Control, understanding and support are three key themes for future energy consumers, writes Dhara Vyas (pictured), Head of Future Energy Services, Citizens Advice

It’s an exciting time to work in the energy industry. Decarbonisation, decentralisation, and digitalisation are driving changes in the market, challenging how people might experience energy in the future.
A key enabler of this change will be the technology people bring into their homes and how they choose to use it. We’ve been looking at the customer journey as people buy, use and experience problems with these technologies as part of our Future Energy Consumers work.

For us, there are three main themes emerging from the work – control, understanding and support when things go wrong.

Control

Our research suggests automation can help people save money, when combined with real-time pricing.

That makes sense. It’s intuitive to think automation could address some of the things that stop consumers being flexible with their energy use. For example, we find over a quarter of people on legacy  time of use tariffs, like Economy 7 and 10, aren’t confident when it might be cheapest to use electricity. Automation can help by removing some of the information consumers need to know. It also supports what we know from behavioural economics research, which suggests people are more likely to take an action if it is made easy.

But there are many reasons why giving people control will still be important.

It will be difficult to predict how technology might suit people’s habits and needs. When we examined people’s experiences of legacy time of use tariffs, we found almost 40% of people said it wasn’t practical to use appliances like washing machines at off-peak times. People cited issues like safety and noise as common concerns. Companies will need to think about the balance of automation and control and tailor their products to how people actually use them.

People won’t always pick services and products as a series of ‘one-off’ purchases. It’s inevitable there will be bundled packages, and that companies will collaborate to offer these packages. In these situations, control over technology still remains vital.

If we take ‘heat as a service’ as an example, people may still want to turn on their heating system on an ad-hoc basis. In addition, there will be times where people will want to use their heating for reasons other than warmth, such as drying wet clothing. Lack of control and ability to do so could frustrate the daily behaviours people may have and need.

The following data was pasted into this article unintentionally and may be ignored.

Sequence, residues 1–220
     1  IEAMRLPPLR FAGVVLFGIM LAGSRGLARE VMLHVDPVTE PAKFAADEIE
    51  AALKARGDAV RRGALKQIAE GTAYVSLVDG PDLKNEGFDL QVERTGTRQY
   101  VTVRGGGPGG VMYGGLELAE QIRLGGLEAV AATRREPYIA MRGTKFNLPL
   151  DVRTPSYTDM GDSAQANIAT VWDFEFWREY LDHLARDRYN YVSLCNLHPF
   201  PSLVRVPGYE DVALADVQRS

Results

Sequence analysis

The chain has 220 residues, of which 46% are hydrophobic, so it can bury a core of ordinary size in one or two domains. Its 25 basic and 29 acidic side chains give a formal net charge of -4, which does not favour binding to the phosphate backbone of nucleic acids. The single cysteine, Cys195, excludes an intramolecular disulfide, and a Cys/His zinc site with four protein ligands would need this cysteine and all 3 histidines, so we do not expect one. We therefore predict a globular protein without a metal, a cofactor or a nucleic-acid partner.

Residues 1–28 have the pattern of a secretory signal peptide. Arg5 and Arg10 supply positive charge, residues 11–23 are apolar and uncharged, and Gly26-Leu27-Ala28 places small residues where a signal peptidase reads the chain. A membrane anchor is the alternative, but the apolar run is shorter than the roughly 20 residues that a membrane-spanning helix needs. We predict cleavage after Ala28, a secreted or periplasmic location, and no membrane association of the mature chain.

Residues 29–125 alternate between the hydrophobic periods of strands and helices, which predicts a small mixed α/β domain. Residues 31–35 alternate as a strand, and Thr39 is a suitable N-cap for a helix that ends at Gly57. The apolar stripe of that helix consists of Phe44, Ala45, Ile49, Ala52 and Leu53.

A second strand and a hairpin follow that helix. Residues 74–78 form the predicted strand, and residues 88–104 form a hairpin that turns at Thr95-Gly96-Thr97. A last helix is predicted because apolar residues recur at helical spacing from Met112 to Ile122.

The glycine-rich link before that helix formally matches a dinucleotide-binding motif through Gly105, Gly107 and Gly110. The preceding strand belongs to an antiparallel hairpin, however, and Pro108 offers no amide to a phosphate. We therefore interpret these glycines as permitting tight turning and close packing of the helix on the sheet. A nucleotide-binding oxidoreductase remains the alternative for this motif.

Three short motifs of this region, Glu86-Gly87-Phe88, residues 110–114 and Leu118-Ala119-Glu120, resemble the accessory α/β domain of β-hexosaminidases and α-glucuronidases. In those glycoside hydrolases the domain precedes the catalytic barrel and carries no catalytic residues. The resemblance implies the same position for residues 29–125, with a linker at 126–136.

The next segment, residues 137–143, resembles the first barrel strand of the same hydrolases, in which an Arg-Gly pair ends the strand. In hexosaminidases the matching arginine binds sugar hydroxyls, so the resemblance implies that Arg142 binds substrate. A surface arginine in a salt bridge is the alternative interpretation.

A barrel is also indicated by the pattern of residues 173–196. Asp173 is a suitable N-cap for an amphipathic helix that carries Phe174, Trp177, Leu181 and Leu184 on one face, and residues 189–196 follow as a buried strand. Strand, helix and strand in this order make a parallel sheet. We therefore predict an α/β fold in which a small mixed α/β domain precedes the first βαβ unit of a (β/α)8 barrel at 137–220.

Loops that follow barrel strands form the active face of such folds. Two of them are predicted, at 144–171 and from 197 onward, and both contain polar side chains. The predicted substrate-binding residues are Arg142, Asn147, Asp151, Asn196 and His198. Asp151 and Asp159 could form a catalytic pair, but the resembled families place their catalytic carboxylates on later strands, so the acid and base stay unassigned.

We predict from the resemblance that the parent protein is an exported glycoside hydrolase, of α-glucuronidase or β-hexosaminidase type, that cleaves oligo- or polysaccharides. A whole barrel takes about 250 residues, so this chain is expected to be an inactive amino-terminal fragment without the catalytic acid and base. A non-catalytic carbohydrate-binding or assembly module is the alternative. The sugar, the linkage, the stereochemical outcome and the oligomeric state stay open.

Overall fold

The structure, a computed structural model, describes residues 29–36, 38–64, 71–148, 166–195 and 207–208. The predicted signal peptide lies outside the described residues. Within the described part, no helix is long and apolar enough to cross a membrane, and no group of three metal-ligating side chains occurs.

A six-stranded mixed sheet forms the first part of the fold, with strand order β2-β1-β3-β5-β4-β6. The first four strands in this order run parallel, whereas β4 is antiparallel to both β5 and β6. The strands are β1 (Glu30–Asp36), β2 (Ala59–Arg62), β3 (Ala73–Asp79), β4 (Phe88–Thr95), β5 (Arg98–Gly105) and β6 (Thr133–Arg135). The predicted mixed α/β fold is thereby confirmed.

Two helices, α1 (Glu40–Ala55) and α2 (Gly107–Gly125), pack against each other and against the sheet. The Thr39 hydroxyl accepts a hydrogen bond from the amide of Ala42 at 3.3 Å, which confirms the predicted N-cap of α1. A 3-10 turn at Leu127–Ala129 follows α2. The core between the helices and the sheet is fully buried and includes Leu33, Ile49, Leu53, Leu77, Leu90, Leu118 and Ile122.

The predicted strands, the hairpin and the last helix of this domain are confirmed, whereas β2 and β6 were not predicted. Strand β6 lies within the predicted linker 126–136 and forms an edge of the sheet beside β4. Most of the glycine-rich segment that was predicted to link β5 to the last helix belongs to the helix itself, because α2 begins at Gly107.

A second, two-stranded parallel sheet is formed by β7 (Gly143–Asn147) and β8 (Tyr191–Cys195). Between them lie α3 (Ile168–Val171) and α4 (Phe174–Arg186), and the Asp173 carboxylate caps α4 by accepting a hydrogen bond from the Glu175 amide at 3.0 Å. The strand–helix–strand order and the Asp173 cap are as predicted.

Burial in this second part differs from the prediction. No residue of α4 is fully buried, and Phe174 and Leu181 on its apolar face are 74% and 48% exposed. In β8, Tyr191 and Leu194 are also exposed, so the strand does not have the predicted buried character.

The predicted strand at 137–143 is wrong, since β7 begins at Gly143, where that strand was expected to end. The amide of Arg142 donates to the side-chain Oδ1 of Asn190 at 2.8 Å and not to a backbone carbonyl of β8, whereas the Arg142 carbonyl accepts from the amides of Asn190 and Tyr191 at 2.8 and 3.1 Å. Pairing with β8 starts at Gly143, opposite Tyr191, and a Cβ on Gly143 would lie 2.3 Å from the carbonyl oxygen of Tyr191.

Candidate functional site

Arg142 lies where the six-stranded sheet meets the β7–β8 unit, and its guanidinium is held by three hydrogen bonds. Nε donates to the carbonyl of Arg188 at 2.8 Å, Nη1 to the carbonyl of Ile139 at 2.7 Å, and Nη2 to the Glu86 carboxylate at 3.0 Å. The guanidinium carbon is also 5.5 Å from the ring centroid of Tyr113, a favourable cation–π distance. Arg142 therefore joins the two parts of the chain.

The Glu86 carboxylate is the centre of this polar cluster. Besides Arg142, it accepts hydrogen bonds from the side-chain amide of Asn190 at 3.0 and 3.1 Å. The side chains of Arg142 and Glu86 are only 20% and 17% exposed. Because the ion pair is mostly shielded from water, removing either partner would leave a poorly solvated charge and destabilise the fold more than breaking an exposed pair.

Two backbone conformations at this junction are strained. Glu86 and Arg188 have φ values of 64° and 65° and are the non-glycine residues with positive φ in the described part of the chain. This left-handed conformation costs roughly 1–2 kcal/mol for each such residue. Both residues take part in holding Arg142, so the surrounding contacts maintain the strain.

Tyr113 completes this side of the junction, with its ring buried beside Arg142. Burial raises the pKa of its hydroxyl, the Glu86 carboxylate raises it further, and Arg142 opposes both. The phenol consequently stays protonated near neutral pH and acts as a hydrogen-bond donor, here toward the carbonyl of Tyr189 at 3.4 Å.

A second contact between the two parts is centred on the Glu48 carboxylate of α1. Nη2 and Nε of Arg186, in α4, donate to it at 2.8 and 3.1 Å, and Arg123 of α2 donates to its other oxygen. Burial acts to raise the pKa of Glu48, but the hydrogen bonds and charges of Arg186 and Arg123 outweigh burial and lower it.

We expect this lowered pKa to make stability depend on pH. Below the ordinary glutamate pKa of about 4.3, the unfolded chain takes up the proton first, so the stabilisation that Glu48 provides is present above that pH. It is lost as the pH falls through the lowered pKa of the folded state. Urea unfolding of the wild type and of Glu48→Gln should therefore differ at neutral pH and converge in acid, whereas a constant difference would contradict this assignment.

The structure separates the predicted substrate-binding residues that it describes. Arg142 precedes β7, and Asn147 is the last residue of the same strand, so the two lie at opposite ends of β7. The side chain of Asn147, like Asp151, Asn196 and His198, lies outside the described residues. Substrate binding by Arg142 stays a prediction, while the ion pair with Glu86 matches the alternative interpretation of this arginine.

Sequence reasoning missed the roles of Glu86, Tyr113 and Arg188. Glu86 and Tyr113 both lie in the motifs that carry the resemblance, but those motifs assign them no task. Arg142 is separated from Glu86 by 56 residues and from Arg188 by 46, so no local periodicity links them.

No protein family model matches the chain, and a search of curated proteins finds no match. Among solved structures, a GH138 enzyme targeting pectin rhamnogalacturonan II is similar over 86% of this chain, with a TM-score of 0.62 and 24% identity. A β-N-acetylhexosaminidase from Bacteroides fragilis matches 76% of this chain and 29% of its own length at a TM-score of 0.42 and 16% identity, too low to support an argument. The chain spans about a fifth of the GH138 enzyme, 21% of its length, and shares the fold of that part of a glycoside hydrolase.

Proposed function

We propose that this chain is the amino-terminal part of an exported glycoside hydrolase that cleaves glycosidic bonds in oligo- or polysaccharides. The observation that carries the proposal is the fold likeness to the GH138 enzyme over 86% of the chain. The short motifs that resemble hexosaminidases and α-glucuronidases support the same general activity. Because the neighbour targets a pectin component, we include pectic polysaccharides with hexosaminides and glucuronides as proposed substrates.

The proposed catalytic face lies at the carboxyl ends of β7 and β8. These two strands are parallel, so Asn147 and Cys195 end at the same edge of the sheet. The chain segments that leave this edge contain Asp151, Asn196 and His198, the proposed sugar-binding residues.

We also know giving people control of the data they share helps build consumer confidence. Building tools to make control easy and accessible is an important protection people will need to engage with new technologies.

Understanding

Consumers are not all the same. This makes it difficult to identify and communicate what the value and benefits of new technologies might be to an individual. A survey by TechUK suggests confusion over the value of smart appliances can be a barrier to uptake.

We’re currently testing the different ways that information can be presented to customers so we can support better industry practice as the market develops. This should make it easier for customers to work out what products and services are right for them.

However, it’s possible companies will need additional mechanisms in place to help their customers understand the suitability of products. For example, presenting future value based on customers’ usage data. Third Party Intermediaries (TPIs) could also play a role in helping consumers compare the value different products may offer.

As technology becomes more automated, companies will also need to think about how they can monitor and communicate what’s happening to their customers. It’s important consumers feel confident they are getting the outcomes promised to them and know how to access support when the product or service is new to them.

Support when things go wrong

If things go wrong, people need to know where to go. But as technologies and services begin to mix, knowing who to go to might not be obvious. For example, when a bill increases, the possible reasons for it might lie with an energy supplier, a third party offering an energy management services or the actual technology.

We find people use the word ‘manufacturer’ indiscriminately when referring to multiple organisations that might be involved in smart home technology and energy supply.

We also know in an increasingly interconnected home, it might not be easy to identify who or what is at fault. This means added confusion for consumers. Companies should think carefully about the diagnostic tools they have in place and how to refine the customer journey so nobody is left behind.

There should be access to independent advice and if problems need to be escalated to an ombudsman, it should be clear which company is responsible and what rights a consumer has.

Next steps to ensure consumer protection is up to scratch

We’re keen to work with government and industry to support the development of new technologies and services for consumers, as they become the cornerstone of consumer engagement with smart energy systems.

The themes identified in this blog and in our report should be considered carefully as industry build technology for a future energy market.

Dhara Vyas – Head of Future Energy Services, Citizens Advice

 

 

 

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